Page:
The exit of Romney from the campaign most immediately helps those viewed as part of the party's establishment wing, including Bush, Christie, Florida Sen. Marco Rubio and Wisconsin Gov. Scott Walker.
The more conservative side of the field is largely unchanged, with a group of candidates that will likely include Kentucky Sen. Rand Paul, Texas Sen. Ted Cruz, former neurosurgeon Ben Carson and former Arkansas Gov. Mike Huckabee
In the three weeks since the meeting in New York, which caught several in attendance off-guard, Romney made calls to former fundraisers, staff members and supporters, and gave three public speeches in which he outlined his potential vision for another campaign.
"I'm thinking about how I can help the country," he told hundreds of students Wednesday night at Mississippi State University.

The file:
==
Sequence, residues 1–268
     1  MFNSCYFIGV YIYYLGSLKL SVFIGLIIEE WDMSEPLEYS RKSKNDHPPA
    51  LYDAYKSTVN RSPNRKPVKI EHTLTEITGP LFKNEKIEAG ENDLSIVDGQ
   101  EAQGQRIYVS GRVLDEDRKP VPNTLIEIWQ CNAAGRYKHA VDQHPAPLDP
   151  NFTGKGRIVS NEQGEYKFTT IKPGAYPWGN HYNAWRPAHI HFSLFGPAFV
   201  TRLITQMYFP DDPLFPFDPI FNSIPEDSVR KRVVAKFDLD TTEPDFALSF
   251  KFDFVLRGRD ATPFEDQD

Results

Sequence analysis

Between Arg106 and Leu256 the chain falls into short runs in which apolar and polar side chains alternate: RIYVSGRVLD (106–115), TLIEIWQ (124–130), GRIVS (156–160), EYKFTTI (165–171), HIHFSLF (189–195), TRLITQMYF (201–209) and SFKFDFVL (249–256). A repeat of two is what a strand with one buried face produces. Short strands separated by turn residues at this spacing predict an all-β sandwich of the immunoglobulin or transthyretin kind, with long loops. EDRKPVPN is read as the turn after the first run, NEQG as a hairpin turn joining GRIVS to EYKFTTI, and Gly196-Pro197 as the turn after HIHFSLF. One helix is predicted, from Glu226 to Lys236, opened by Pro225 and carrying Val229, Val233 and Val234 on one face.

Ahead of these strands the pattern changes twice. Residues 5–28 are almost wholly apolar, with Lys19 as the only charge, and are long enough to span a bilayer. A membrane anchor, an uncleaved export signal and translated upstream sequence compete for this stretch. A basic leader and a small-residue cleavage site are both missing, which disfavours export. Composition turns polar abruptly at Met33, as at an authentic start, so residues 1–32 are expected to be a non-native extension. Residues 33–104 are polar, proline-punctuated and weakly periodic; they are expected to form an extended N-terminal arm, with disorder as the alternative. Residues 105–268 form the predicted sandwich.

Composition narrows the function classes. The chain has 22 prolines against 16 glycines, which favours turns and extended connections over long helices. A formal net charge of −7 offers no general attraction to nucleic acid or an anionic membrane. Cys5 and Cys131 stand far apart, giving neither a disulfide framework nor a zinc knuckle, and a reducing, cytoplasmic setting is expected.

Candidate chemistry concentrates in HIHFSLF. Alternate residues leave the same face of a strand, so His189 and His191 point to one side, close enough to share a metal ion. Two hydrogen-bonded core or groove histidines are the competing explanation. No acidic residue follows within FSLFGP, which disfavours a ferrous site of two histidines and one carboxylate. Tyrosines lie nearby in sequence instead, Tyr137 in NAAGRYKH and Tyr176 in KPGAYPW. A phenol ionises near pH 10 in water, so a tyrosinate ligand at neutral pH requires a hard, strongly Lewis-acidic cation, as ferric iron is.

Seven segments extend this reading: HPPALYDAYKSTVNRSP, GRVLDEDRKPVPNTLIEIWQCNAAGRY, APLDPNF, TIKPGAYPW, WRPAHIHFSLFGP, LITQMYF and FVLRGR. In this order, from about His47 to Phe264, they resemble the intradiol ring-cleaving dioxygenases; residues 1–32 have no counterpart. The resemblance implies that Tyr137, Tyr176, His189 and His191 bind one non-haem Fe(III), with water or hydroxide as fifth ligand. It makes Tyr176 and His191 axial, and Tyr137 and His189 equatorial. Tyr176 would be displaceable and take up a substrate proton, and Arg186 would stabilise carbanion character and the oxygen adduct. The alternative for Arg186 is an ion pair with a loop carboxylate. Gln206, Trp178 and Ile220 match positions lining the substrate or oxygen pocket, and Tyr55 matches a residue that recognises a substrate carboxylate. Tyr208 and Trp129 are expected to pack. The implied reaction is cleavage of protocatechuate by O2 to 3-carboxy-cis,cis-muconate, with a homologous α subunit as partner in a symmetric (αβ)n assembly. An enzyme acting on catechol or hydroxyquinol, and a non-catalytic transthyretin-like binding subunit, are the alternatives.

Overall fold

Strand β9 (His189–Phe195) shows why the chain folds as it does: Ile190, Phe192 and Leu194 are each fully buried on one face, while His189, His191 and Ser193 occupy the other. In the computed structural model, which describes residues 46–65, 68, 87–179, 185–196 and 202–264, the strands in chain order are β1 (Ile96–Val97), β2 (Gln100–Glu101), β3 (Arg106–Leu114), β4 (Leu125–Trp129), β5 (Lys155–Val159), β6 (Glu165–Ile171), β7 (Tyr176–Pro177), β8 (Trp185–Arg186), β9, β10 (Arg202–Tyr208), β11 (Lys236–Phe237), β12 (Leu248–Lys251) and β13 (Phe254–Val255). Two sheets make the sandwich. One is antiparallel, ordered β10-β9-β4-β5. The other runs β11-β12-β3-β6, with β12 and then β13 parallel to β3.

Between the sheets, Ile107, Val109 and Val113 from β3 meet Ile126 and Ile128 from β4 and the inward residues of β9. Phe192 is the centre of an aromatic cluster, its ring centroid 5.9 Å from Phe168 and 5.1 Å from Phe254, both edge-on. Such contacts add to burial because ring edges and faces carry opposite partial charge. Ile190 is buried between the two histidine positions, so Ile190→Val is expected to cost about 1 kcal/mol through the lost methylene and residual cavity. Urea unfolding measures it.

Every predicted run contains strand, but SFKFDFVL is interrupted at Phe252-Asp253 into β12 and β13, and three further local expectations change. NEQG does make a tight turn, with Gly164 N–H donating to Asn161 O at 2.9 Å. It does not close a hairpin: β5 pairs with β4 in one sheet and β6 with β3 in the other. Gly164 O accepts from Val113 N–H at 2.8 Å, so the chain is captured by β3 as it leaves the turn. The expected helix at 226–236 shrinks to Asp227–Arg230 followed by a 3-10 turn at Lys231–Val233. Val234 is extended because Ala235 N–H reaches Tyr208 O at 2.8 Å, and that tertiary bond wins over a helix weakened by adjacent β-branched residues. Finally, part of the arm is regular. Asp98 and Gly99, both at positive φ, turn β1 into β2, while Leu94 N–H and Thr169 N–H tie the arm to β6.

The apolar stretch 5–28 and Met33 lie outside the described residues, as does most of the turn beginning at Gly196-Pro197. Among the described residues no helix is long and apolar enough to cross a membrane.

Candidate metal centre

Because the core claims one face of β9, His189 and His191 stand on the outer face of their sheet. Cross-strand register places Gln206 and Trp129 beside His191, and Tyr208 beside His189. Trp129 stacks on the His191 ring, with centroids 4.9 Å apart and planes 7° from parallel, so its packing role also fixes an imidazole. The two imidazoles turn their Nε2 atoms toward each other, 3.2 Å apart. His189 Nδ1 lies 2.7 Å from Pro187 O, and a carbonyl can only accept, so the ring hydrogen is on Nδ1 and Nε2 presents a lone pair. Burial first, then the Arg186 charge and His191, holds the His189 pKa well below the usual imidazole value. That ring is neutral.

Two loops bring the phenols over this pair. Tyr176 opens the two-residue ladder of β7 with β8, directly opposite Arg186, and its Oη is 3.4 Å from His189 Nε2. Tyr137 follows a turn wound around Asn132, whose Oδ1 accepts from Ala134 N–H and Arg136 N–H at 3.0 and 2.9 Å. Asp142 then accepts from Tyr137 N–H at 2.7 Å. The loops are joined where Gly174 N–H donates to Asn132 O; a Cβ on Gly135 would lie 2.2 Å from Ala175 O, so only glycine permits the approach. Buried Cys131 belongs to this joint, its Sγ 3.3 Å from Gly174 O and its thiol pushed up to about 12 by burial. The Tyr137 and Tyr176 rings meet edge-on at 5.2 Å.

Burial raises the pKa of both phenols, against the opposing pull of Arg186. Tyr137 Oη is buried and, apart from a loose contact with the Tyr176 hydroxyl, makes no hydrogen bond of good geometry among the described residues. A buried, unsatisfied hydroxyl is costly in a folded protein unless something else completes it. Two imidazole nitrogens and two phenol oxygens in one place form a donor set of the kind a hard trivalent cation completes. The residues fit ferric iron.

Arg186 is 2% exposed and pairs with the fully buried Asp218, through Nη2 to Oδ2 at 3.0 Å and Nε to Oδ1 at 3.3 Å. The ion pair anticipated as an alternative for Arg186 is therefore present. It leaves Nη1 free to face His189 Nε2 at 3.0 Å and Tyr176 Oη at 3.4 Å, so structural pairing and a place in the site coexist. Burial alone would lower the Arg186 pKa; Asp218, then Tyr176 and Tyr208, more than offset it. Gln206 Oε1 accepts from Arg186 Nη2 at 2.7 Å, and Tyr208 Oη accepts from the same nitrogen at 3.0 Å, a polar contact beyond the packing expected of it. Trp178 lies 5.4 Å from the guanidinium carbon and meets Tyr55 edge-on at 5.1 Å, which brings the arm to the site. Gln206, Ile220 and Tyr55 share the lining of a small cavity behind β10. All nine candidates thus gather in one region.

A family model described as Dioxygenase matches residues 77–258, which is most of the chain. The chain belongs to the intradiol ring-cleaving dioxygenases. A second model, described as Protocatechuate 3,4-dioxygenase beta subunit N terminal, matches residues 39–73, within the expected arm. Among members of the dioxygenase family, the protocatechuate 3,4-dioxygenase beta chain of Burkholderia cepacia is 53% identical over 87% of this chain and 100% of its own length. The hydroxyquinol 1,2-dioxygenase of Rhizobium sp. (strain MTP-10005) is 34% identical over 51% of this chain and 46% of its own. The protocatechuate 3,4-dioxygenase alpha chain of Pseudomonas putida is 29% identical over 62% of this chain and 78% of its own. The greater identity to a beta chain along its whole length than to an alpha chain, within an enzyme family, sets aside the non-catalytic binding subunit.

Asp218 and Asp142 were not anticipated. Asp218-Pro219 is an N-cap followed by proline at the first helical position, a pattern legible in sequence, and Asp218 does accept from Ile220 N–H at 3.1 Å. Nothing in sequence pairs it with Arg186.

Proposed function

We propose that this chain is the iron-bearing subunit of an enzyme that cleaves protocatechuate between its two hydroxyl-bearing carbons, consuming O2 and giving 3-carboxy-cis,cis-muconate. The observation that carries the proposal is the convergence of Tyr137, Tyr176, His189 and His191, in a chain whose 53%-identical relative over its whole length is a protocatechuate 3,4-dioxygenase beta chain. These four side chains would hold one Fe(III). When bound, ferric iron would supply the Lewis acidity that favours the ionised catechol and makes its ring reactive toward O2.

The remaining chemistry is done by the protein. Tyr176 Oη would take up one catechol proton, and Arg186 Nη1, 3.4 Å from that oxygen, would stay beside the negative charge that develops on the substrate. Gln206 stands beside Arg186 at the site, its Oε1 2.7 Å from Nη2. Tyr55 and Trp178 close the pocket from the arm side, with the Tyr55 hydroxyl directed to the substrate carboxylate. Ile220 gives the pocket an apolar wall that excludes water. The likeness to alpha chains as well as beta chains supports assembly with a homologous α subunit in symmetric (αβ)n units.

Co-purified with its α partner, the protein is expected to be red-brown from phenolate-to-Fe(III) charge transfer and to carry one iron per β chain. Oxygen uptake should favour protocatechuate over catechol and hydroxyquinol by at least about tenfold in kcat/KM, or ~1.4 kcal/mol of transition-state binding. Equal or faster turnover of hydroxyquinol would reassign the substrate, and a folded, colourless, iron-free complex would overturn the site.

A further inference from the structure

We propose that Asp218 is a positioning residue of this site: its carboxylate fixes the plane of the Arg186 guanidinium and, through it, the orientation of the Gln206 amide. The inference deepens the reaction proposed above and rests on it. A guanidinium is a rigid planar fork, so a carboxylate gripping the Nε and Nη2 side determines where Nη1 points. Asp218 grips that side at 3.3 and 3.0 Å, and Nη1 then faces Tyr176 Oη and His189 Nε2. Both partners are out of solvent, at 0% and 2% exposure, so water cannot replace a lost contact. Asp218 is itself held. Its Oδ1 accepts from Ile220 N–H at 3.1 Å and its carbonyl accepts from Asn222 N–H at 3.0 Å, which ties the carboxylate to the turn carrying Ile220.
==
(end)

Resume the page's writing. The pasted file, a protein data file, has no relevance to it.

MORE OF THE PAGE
In that speech, and what amounted to a campaign stop a few hours before at a barbecue restaurant with Mississippi State football coach Dan Mullen in tow, Romney sounded every bit like a politician preparing to run.
"We need to restore opportunity, particularly for the middle class," Romney said then. "You deserve a job that can repay all you've spent and borrowed to go to college."
But as Romney sounded out his former team about putting together a new national campaign, he discovered that several of his past fundraisers had already made plans for 2016 and were now committed to Bush.
Several key former Romney donors told The Associated Press this week that in Bush they see someone who can successfully serve as president, as they believe Romney could. But they also think Bush has the personality and senior staff needed to win the White House, something the former Massachusetts governor could not bring together in his two previous presidential campaigns.
"I've got great respect for Gov. Romney, and I busted my buns for him," said Chicago investor Craig Duchossois, whose wife contributed $250,000 to a pro-Romney super PAC while he collected tens of thousands more for Romney's last campaign. "But I have turned the page."